Tuesday June 23, 2015
The experts said that the only way for Virginia to avoid being swept by Vanderbilt on Tuesday night in the College World Series championship was for everything to go right for Virginia. Everything did.
Having had to play an extra game to eliminate Florida and move into the championship series, Virginia’s pitching lineup was in shambles. The NCAA handout listed Nathan Kirby, the # 40 overall pick in the MLB draft who had been sidelined much of the season due to injury, as the starting pitcher for the Cavaliers. Instead, Coach Brian O'Connor sent centerfielder and spot starter Adam Haseley to the mound, moved rightfielder Joe McCarthy to centerfield, and put lightly used senior Thomas Woodruff in rightfield. Roll the dice, coach. Everything has to go right tonight.
Pitching for the first time in a month, Haseley gave the coach all he could possibly ask for – five shutout innings. That left twelve outs to get. O'Connor brought in closer Josh Sborz. The problem is that closers are geared to pitch one or maybe two or for a bulldog like Sborz maybe three innings. Not four. Roll the dice, coach. (My son Hugh was a closer. He threw 80 pitches in four innings in a regional championship game against UNC two years ago. It was asking too much. In fairness to Hugh, he had won a game and saved another just the night before. I think his 36 hour pitch count was about 140. That’s what happens in elimination games.) With the game still in doubt and several relief pitchers pacing around in the bullpen, O'Connor stuck with Sborz even after he gave up a hit and a walk to lead off the ninth. It worked.
Virginia scored all three of its runs in the sixth inning after the first two batters were out. Pavin Smith singled. Kevin Doherty hit a ball up the middle where the Vanderbilt fielders were ready to catch it and throw him out to end the inning, but the ball hit second base and both runners were safe. Joe McCarthy hit the ball right to the first baseman for an easy final out, but the fielder booted it. Bases loaded. Ernie Clement singled in a run. And then Thomas Woodruff came to the plate. As a senior in an elimination game in only his thirteenth start of the season, Woodruff knew well that this could be the last game of his career. He wasn’t one of the seven UVA players selected in the MLB draft. The last time he batted for the Cavaliers was on May 16. Roll the dice, coach. Batting in the nine hole, Woodruff singled in his first at bat. He singled in his second at bat. And in his third at bat with the bases loaded and the season on the line, he singled again to drive in two runs and give Virginia a 3-0 lead they would not relinquish. All three runs were unearned. Everything worked for Virginia. Put the brooms away, Vandy. There will be another game Wednesday night.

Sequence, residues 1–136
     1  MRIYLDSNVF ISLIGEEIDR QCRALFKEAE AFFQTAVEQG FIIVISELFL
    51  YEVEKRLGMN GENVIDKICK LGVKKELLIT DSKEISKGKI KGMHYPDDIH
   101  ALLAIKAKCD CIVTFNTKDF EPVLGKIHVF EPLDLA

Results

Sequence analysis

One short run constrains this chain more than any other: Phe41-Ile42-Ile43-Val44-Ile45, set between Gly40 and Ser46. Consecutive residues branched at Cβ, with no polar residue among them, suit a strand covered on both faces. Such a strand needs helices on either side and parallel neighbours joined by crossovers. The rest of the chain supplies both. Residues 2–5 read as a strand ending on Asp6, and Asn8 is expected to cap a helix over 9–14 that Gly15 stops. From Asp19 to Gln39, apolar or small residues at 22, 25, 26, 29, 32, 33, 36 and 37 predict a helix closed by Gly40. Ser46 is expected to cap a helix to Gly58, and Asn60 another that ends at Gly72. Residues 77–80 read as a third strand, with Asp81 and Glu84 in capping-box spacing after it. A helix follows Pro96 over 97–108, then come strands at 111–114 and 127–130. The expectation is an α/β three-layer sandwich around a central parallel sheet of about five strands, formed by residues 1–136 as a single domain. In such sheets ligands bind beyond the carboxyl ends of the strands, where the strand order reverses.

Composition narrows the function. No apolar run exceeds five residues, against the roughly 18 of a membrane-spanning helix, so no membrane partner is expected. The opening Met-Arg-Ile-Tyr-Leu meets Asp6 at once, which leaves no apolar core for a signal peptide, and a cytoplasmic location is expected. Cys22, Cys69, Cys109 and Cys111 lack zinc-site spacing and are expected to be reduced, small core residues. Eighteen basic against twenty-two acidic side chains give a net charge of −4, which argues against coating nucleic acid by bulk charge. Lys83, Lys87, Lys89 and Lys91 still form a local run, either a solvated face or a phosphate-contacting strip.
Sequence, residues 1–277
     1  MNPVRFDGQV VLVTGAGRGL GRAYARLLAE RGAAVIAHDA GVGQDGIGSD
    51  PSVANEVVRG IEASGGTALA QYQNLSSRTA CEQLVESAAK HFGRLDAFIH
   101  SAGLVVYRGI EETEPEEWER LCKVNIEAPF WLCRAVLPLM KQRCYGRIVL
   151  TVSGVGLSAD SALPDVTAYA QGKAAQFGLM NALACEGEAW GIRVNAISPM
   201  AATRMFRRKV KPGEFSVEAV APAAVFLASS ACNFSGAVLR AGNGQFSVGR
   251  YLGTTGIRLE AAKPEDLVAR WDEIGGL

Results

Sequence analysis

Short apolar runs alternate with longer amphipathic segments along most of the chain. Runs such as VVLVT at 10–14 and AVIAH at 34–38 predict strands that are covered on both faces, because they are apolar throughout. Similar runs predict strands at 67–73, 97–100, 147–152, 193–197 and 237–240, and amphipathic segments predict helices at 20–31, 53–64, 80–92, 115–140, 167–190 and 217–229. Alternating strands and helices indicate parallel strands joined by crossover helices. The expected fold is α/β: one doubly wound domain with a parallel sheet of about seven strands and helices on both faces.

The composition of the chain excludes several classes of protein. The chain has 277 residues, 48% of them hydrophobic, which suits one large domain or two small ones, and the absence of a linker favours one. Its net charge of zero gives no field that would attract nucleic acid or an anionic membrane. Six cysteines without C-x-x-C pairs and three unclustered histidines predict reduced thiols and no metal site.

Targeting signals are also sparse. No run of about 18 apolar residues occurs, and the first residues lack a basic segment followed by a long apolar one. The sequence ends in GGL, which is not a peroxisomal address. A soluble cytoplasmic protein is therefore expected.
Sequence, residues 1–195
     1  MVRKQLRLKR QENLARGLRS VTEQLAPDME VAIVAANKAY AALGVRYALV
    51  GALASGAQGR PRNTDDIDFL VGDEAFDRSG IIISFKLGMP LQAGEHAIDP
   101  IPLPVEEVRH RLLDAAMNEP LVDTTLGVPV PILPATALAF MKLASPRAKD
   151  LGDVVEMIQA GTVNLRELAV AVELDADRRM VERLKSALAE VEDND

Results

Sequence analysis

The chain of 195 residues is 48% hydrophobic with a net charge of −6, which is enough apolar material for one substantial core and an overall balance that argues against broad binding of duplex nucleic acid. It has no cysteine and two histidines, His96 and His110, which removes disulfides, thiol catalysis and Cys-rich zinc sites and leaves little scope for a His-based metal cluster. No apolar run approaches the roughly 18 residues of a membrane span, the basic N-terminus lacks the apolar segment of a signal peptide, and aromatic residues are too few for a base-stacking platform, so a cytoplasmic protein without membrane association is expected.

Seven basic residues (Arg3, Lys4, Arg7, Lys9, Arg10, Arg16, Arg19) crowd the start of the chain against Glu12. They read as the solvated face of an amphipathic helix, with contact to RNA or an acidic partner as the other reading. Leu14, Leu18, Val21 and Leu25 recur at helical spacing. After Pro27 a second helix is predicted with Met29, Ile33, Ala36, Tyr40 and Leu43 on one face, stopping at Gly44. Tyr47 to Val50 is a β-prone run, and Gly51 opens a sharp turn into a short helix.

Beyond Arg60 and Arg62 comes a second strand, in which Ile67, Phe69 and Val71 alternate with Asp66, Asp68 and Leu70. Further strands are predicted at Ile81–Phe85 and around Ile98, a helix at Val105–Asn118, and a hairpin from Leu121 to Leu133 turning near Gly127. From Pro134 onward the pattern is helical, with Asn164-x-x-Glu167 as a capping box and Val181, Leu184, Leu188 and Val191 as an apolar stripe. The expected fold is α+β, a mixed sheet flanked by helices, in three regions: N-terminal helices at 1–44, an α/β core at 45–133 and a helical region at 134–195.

Before the game, my daughter Emily, who had arrived for the final games, and I had our picture taken with the iconic dogpile statue in front of the ballpark. We put the #cws on it, and twice during the game our photo was shown on the huge scoreboard with a bunch of other hashtaggers. Very cool.
Note to fans considering coming to the College World Series: come early. The energy of the first four days is magical. There are fans from eight different schools. Everyone has a chance. Everyone is excited. The lines are long and the place is mobbed and the tickets expensive, but it is well worth the hassle. A week later, everyone left here is exhausted. The ballpark was packed with 24,645, but it felt very different in and outside the ballpark. The carnival was over. The grind was in its last days. This twelve day baseball extravaganza isn’t just grueling for the players and coaches. It wears out the fans as well, and the difference is palpable.
It didn’t help that the first two games of the championship series lasted 3 hours and 48 minutes and 3 hours and 42 minutes. That is way too long. The NCAA and ESPN need to follow the lead of MLB and work on reducing the time of games. My suggestion would be to let the catchers call the games. I get how important every pitch is. I get that Coach O'Connor’s every move was perfect on Tuesday night. But on every pitch in the ninth inning, the Virginia catcher turned and looked into the dugout seemingly endlessly for instructions from the coaches. Then the catcher had to look at the chart on his wrist to know what to call and then he had to call the pitch. This took f-o-r-e-v-e-r on every pitch.
I picked my daughter up at the airport Tuesday and we spent the afternoon exploring Omaha. We went first to the National Park Service’s Lewis and Clark site near the baseball stadium. After an excellent Ken Burns video about Lewis and Clark, we walked across the Bob Kerrey Pedestrian Bridge over the Missouri River into Iowa. The roundtrip was only just over a mile, but they claim it is the longest pedestrian bridge linking two states. You can put one foot in Nebraska and the other in Iowa at about the middle of the bridge. Next we went to the magnificent 1931 art deco Union Station. Nebraska knows railroads. The station has been transformed into The Durham Museum with exhibits telling the history of Omaha as America’s gateway to the west. Next we visited the birth sites of Malcolm X and Gerald Ford. Not much to report there as neither stayed in Omaha for very long.